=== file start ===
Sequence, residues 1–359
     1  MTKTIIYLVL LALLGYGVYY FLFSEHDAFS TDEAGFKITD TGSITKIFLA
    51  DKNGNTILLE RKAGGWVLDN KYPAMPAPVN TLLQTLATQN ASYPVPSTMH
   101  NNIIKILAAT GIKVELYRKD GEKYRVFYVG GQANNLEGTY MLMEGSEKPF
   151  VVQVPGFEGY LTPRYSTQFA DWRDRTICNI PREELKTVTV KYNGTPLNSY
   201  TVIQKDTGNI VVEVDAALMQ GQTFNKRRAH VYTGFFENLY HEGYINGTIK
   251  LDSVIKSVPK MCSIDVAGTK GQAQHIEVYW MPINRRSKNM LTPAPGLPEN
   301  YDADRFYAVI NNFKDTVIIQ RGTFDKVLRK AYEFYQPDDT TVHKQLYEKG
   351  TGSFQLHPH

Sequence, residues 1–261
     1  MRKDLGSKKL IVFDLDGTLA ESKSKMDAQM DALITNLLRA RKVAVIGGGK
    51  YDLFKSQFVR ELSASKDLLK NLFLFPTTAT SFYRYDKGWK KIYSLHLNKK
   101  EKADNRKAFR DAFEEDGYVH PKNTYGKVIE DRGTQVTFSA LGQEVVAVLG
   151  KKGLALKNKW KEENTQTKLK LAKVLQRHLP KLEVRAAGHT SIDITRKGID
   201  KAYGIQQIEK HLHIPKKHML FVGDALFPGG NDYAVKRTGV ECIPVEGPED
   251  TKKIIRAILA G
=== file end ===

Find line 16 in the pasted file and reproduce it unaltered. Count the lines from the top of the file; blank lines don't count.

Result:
   251  TKKIIRAILA G